- What is Foreclosure and Why Does it Happen?
- Here’s How You Can Avoid Losing Your Home
- How to Cope With the Stress of a Foreclosure
Before beginning the final procedure of foreclosure, the lender tends to find ways to resolve the debt issues from the borrower’s side.
Reputable and cooperative lenders are expected to comply with the borrower’s financial conditions and help to get through the procedure.
However, with the passage of time, the situation starts getting serious. This is when the lender issues an eviction notice to the buyer.
If you’re afraid that some of your unpaid loan payments might result in you losing your home, then you need to go through this detailed guide on how to avoid foreclosure.
What is Foreclosure and Why Does it Happen?
When a buyer purchases a home with the support of a loan from a lender (through a bank or an individual), an agreement is signed determining the repayment procedure of the loan.
However, when the buyer consistently bypasses the monthly repayment dates, the lender tends to take some legal action to receive the lost payments.
Foreclosure can be considered as the last step that allows the lender to claim possession of your property.
- First Missed Payment – Mortgage payments have a strict deadline to be followed. Lenders often allow you to delay your payments for 2 weeks every month. Failure to meet the extended deadlines can result in a late fee.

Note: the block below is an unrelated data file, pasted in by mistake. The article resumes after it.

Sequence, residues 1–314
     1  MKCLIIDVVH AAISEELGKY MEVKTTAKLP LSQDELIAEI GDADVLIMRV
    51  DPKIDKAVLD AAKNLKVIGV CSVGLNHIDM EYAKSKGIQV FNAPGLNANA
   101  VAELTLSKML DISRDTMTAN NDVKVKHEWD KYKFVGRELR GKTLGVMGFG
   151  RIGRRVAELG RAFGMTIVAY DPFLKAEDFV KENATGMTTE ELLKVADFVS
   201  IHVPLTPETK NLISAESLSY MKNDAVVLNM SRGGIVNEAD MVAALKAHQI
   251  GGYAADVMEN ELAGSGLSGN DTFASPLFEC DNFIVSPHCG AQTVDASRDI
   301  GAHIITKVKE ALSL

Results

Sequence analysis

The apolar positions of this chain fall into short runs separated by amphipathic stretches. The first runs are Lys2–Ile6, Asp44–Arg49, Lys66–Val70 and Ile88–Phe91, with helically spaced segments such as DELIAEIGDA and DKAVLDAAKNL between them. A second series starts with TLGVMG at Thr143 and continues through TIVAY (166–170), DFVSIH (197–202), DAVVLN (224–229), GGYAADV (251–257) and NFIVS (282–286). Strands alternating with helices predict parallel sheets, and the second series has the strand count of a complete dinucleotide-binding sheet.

- Default – If the buyer continues to miss the mortgage payments and doesn’t provide any future plan to make up for the delayed payments then the buyer can be considered to be in default. The deadline to be declared as default is determined by a lender and can be variable among different lenders.
Before the initiation of the process of foreclosure, the buyer reserves the right to make amends and have a discussion with the lender to adjust the loan schedule.
Let’s figure out ways to avoid the risk of foreclosure with the help of both legal or communicational help.
Here’s How You Can Avoid Losing Your Home
Irrespective of the condition of the credit score, nobody would like to be forced out of their home due to some missed loan payments.
When you realize that a foreclosure is dawning upon you, there are certain steps that you can take to avoid the risk of losing your home.
If your lender is a strict individual with tightly-knit rules, there is little possibility that you will get any relief for your shortcomings.
In this kind of situation, the legal professionals at Flight13.com recommend opting for proper legal counsel to deal with the legal matters appropriately.
With the involvement of legal counsel, you are likely to get reasonable compensation and save your home.
However, if you have observed that your lender is a kind-hearted person who has reshifted the loan payment schedules quite a few times in the past, you can opt for other ways to handle the matter.
Consider Entering a Repayment Plan
In a situation where you are behind your payments but they are slightly negligible, you have a valid chance to qualify for a repayment plan.